The court will not, however, allow Williams to proceed against Dr. Michael Case, Dr. Delforge, Dr. Edward Riley, Dr. Peterson (Williams' allegations refer to Dr. Patterson, but he identifies Dr. Peterson in the caption of his complaint), or Dr. Miller. Each of these doctors handled only an aspect of Williams' care. For example, Dr. Riley is an orthopedic specialist; Williams' was referred to him for treatment of his “osteoarthritis chronic needs.” ECF No. 19 at 5. Dr. Case is an otolaryngologist; Williams was referred to him for treatment of his ear pain and discharge. Id. at 4. Dr. Miller was a physician at Williams' institution; Williams was referred to him for a physical examination of his testicles. Id. at 6-7. And, Dr. Delforge was a dentist; he opined that Williams had neither cavities nor tooth decay and therefore did not require fillings. Id. at 10.

         Williams alleges that each of these specialists was deliberately indifferent to a particular serious medical condition and that they provided inadequate treatment for that condition. As the court has explained to Williams, Fed.R.Civ.P. 20 “prohibits a plaintiff from joining many defendants in a single action unless the plaintiff asserts at least one claim to relief against each defendant that arises out of the same transaction or occurrence or series of transactions or occurrences and presents questions of law or fact common to all.” Balli v. Wisconsin Department of Corrections, No. 10-CV-67-BBC, 2010 WL 924886, at *1 (W.D. Wis. Mar. 9, 2010) (citing George v. Smith, 507 F.3d 605, 607 (7th Cir. 2007); 3A Moore's Federal Practice § 20.06, at 2036-45 (2d ed.1978)). The facts giving rise to a claim against a particular specialist will have no overlap with the facts giving rise to a different specialist. Williams' interaction with each of those specialists is a distinct transaction or occurrence. Accordingly, under Rule 20, Williams cannot join all of the specialists in a single case. The court will dismiss them as defendants.

         Williams also fails to state a claim against the inmate complaint examiners. As was the case with the specialists, each complaint examiner rejected or dismissed a particular complaint for a different reason. For example, the circumstances of a complaint examiner dismissing Williams' complaints about his ear pain will have no overlap with the circumstances of a different complaint examiner dismissing Williams' complaints about his testicle pain. Further, even if these claims arose out of the same transaction or occurrence or series of transactions or occurrences, Williams fails to allege facts giving rise to a reasonable inference that the complaint examiners violated his constitutional rights. Williams alleges that the complaint examiners conspired with McArdle, Waterman, and Adams. He asserts that they would tell him that they had reviewed his medical records and that he had appointments scheduled with various specialists to address his needs. He asserts that they also would tell him that the waiting period to see a specialist or to go to a pain clinic could be many months or even years. Williams alleges that their statements were untrue.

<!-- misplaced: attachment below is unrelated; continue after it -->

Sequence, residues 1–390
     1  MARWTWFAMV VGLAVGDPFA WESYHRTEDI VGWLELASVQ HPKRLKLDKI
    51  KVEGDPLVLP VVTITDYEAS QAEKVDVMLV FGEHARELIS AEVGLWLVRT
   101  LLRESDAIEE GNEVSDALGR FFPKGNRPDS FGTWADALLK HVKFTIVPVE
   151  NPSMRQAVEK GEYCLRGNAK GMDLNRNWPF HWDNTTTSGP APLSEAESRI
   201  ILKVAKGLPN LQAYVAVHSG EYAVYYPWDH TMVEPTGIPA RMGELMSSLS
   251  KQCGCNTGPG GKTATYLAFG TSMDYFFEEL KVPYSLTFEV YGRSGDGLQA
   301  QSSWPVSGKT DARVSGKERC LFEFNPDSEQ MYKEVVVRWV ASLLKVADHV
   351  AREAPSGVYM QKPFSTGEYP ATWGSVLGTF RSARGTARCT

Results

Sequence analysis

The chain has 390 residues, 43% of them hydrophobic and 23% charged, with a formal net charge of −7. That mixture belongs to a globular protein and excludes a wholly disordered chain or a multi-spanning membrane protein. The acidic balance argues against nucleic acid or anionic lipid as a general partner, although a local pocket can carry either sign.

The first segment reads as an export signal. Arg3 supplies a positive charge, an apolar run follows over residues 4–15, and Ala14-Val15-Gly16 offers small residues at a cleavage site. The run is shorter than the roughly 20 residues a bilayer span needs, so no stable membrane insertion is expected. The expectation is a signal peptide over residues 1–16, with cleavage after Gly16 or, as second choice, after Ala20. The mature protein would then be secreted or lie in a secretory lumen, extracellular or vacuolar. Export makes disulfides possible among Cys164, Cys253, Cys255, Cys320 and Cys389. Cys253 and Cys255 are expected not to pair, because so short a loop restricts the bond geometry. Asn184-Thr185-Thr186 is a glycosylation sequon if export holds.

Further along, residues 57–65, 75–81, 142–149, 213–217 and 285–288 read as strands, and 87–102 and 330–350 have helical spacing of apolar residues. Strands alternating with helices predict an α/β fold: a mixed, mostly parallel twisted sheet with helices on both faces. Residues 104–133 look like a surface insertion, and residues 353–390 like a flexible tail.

Complaint examiners are “entitled to relegate to the prison's medical staff the provision of good medical care.” Burks v. Raemisch, 555 F.3d 592, 595 (7th Cir. 2009). Williams alleges that the complaint examiners conferred with his medical providers, relayed information to him, and tried to explain the reason for the delays. Regardless of whether Williams' believed what they told him or liked the answers he received, the court cannot reasonably infer from these allegations that the complaint examiners were refusing to do their jobs. The court will dismiss them as defendants.

         Williams also fails to state a claim against Sarah Martin, who Williams alleges refused to request progress notes from one of his off-site providers. It is unclear to the court what role Martin played in Williams' medical care; there are no allegations giving rise to an inference that she had any personal responsibility for treating Williams' medical conditions. In any event, a limited failure to obtain medical documentation does not give rise to a constitutional violation.

         Next, Williams does not state a claim under the Americans with Disabilities Act or the Rehabilitation Act. Williams alleges that he “was denied access to programming because of [his] disabilities.” ECF No. 19 at 11. None of Williams' factual allegations give rise to a reasonable inference that this is the case. Williams describes no programs from which he was excluded, and allegations that McArdle, Waterman, and Adams failed to treat his medical conditions are insufficient on their own to give rise to a reasonable inference that they discriminated against him because he is disabled.

         Finally, Williams filed a motion for preliminary injunction. The court will require the defendants to respond to the motion within ...